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I've been reading Lois Lowry's The Giver recently, and have questions regarding a sentence from her book. I know that some sentences in literature, like The Giver, do not always follow strict grammar rules and do not need to follow them, but I still can't understand the exact meaning of the sentence:

They(Jonas and Gabriel) saw deer; and once, beside the road, looking at them curious and unafraid, a small reddish-brown creature with a thick tail, whose name Jonas did not know.

In this excerpt,

  1. How does the adjective phrase, "curious and unafraid," work in the sentence? Does it modify the verb "looking at"? To be grammatically correct, should it be changed to "curiously and unafraidly"?
  2. Where does "a small reddish-brown creature with a thick tail, whose name Jonas did not know" belong to? Why is the noun phrase placed at the end if it modifies the "deer" in the first clause?

I absolutely don't consider it is wrong and this is not necessary to understand the whole story, but I can't help myself wondering how this sentence works.

Could you help me parse this sentence?

  • "They saw deer; and once, beside the road, looking at them curious and unafraid, a small reddish-brown creature with a thick tail, whose name Jonas did not know." I copied this quote from the pdf and pasted it here so it should not be quoted incorrectly, I guess. – cellardoor May 25 '16 at 5:40
  • At first, I thought there was an error in how the latter part of the sentence was quoted, but I realize now that it's meant to be an incomplete sentence. – user83454 May 25 '16 at 5:41
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The sentence is complicated. I think maybe the best thing to do is re-word the sentence in a way that might be easier to understand.

Jonas and Gabriel saw deer; and once, beside the road, looking at them curious and unafraid, a small reddish-brown creature with a thick tail, whose name Jonas did not know.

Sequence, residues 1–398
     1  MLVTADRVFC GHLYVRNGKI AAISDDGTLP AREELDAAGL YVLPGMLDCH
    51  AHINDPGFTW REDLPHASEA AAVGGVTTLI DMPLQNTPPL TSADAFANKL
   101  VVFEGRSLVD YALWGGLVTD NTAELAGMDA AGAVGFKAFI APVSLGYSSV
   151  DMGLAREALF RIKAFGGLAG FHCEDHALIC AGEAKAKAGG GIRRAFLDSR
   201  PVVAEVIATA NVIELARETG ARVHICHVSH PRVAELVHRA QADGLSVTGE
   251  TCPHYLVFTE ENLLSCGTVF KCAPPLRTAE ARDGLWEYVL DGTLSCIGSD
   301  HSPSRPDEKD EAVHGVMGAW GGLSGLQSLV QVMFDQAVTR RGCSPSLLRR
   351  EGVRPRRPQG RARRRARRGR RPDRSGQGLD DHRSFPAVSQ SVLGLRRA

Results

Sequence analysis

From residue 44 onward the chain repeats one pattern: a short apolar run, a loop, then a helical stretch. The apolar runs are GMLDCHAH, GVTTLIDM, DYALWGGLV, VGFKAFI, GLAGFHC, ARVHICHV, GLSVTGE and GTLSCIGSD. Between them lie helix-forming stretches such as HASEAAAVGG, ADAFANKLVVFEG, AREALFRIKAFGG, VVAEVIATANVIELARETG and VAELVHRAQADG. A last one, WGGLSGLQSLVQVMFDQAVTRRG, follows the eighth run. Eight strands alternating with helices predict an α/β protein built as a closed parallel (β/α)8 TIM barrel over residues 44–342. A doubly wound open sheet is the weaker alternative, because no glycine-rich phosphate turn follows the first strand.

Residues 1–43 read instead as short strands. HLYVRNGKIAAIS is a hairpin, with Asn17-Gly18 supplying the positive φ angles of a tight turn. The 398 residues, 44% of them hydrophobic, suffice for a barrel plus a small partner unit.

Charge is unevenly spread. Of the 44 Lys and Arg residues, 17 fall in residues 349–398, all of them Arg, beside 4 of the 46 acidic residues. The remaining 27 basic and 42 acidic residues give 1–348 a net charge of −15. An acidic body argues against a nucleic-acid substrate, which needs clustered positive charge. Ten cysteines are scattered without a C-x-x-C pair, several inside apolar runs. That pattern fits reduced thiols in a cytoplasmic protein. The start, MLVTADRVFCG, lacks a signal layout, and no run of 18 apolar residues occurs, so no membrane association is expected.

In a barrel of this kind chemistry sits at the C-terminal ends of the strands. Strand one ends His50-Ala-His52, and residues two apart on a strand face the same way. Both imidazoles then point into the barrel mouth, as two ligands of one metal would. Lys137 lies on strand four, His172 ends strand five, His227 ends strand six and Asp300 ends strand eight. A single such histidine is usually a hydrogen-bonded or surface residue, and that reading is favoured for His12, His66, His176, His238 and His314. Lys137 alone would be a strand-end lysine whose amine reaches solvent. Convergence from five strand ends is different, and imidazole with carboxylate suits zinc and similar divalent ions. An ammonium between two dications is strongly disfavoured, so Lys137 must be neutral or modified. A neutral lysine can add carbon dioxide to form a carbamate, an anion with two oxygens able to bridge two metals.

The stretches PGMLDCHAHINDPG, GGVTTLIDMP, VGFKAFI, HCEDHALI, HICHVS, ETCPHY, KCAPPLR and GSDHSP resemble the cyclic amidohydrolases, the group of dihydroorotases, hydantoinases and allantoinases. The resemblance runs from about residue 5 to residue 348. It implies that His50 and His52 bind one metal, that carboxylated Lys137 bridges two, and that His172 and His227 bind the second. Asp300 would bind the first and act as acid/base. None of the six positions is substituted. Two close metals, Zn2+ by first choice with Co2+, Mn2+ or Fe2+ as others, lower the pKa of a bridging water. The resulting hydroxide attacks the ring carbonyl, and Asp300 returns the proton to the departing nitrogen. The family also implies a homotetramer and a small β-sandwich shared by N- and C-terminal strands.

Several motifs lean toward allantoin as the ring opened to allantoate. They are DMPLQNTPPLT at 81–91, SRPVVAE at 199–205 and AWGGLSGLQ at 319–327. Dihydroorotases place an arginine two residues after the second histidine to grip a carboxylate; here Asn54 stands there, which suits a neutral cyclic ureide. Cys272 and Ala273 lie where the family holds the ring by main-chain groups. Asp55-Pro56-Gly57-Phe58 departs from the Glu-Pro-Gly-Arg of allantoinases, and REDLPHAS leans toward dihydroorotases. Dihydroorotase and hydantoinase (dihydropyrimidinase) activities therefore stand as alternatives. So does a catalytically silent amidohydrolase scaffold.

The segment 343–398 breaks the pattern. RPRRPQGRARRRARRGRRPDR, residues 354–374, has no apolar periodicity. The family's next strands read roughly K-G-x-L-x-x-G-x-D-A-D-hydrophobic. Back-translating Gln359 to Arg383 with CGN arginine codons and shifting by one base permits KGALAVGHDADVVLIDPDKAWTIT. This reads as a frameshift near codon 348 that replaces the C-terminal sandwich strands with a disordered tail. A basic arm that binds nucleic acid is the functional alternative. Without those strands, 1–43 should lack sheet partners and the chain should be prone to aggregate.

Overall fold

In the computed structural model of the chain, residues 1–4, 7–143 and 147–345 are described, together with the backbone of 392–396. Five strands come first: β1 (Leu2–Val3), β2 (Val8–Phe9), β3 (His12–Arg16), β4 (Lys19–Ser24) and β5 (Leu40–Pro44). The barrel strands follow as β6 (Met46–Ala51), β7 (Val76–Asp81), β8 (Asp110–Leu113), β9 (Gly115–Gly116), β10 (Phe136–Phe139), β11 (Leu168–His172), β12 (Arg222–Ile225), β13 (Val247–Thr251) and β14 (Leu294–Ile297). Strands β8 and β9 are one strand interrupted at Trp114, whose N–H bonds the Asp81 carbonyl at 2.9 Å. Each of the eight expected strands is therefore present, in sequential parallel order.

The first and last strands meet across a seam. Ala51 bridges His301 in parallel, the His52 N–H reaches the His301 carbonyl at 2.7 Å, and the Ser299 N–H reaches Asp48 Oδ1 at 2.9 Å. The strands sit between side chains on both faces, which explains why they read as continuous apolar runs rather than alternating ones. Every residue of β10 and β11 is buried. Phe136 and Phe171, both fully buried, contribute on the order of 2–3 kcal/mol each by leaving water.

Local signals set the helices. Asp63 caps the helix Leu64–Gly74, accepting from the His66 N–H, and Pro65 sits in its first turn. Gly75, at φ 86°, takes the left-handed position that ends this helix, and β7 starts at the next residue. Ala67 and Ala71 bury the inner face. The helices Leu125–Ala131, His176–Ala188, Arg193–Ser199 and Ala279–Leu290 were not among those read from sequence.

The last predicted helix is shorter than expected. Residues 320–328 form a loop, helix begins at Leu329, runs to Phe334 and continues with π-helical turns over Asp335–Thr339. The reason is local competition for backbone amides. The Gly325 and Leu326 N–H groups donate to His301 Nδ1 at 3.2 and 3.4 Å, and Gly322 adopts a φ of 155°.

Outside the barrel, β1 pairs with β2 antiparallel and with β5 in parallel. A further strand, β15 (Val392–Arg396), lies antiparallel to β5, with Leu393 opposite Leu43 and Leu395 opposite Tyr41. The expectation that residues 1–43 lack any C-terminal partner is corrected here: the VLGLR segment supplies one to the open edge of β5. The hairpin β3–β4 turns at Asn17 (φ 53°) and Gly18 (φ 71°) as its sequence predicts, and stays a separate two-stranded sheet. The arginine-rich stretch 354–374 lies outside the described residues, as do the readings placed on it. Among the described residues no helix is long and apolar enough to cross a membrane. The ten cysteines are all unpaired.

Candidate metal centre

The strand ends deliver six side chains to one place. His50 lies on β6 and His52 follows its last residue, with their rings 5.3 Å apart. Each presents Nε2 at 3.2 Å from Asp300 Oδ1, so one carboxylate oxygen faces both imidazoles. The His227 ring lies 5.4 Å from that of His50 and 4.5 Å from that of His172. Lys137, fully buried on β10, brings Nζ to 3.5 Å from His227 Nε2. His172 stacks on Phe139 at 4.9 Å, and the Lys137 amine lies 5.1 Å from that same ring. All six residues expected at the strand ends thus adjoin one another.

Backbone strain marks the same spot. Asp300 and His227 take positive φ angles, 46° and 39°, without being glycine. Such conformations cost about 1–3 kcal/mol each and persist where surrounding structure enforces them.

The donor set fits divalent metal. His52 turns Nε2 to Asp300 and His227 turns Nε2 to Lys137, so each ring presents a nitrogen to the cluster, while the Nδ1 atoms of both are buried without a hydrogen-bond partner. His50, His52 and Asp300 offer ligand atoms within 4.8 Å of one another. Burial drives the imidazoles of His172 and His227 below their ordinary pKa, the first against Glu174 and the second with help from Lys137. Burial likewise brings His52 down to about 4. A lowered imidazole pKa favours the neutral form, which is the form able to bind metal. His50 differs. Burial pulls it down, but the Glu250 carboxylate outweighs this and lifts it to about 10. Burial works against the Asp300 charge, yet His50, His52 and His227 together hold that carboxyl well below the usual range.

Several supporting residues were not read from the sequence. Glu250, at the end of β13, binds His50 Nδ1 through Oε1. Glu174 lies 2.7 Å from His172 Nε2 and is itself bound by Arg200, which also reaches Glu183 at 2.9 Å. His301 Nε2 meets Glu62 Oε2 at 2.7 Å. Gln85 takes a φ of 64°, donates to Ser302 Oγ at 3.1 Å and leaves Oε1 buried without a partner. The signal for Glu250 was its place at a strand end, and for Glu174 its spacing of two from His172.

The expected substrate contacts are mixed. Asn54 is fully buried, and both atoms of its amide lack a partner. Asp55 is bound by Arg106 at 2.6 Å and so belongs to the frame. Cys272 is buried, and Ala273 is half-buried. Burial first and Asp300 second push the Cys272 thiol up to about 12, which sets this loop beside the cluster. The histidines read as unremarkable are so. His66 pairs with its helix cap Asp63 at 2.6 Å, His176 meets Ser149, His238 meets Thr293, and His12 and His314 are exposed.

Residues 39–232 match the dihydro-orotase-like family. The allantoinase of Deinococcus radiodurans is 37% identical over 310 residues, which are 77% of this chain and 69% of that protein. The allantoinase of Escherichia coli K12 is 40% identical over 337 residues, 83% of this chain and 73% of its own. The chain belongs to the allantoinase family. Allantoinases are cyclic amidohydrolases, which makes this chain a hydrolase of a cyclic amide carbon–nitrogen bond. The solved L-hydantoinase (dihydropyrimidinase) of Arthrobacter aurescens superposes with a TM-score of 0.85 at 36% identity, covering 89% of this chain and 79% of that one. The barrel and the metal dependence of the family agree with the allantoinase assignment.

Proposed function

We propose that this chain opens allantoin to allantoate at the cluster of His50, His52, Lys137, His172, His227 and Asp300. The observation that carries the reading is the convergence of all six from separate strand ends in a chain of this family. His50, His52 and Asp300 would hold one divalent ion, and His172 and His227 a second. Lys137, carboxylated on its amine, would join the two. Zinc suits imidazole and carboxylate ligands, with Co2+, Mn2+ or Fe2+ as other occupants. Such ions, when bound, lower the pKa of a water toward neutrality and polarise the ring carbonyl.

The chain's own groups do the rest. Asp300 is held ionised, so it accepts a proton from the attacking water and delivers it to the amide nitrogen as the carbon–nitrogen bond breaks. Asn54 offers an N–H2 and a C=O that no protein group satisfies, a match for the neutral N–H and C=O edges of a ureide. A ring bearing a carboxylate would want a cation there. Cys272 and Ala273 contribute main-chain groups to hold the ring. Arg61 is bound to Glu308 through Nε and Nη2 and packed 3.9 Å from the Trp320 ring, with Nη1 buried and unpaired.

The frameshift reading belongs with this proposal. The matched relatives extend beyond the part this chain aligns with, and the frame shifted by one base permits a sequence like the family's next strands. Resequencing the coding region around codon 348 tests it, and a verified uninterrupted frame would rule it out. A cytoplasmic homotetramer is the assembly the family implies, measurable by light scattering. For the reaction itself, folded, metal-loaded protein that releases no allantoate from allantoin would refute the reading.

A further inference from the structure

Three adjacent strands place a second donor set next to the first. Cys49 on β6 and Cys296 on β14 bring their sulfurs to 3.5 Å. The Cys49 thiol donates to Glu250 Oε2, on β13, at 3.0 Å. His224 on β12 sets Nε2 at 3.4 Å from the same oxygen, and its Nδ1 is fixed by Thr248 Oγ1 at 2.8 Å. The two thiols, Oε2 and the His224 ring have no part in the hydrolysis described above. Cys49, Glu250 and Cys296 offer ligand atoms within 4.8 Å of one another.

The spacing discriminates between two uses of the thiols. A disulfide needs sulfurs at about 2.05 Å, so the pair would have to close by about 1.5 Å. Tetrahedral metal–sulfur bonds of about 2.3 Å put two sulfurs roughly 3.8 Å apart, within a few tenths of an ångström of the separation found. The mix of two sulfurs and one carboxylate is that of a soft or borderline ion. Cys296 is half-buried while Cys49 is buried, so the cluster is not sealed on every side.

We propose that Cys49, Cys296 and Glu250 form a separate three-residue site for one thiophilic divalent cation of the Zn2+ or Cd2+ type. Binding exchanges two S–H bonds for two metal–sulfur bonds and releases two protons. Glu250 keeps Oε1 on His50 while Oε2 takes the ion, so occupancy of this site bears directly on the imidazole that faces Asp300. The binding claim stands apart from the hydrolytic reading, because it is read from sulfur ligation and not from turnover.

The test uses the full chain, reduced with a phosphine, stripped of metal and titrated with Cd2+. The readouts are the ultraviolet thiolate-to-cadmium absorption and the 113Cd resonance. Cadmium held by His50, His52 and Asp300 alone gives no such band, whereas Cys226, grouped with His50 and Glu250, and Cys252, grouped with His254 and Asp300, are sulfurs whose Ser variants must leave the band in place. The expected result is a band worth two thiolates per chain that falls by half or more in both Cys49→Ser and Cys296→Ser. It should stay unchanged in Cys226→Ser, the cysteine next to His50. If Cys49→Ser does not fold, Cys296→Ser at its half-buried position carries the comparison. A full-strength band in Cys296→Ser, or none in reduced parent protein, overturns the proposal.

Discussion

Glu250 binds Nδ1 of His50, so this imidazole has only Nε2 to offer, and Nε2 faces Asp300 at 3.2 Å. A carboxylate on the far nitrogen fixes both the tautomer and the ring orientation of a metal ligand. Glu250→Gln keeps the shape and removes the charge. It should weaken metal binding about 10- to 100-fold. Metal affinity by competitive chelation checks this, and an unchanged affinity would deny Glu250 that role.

Jonas and Gabriel saw deer. Another time, Jonas and Gabriel saw a small reddish-brown creature beside the road, with a thick tail, who was curious and unafraid while looking at Jonas and Gabriel. Jonas did not know its name.

The most ambiguous/confusing part of this quote is that the second clause of the sentence (everything after the semicolon) is incomplete. It's really just a noun (a "creature") surrounded by a lot of modifiers. One would normally assume a noun in an incomplete sentence to be the subject of the sentence, but in this case it is actually the object. The subject ("Jonas and Gabriel") and the verb ("saw") were both left out of the sentence. The only way a reader could figure this out is to understand that the small creature, like a deer, is another animal that Jonas and Gabriel might see.

Another tricky part is here: beside the road, looking at them curious and unafraid. Both phrases describe the small creature, not the humans. That is why "curious and unafraid" are adjectives, not adverbs. The small creature is beside the road, and the small creature is curious and unafraid looking at "them," who are Jonas and Gabriel.

To try to answer your second question, I don't think the deer or small creature are related in any way. In the first half of the sentence, Jonas and Gabriel saw deer; in the second half of the sentence, Jonas and Gabriel saw a small creature.

By the way, I think Lois Lowry is probably a woman, not a man.

  • Lois Lowry is a woman. Question updated. – NVZ May 25 '16 at 6:05
  • Some verbal acrobatics in the sentence, but I'm not impressed with its literary quality. – user83454 May 25 '16 at 6:09
  • Thanks for the corrections.:) I changed "his" to "her." And I'm still reading your answer, trying to understand what you've just explained.... Thank you for the answer, Ringo. – cellardoor May 25 '16 at 6:11

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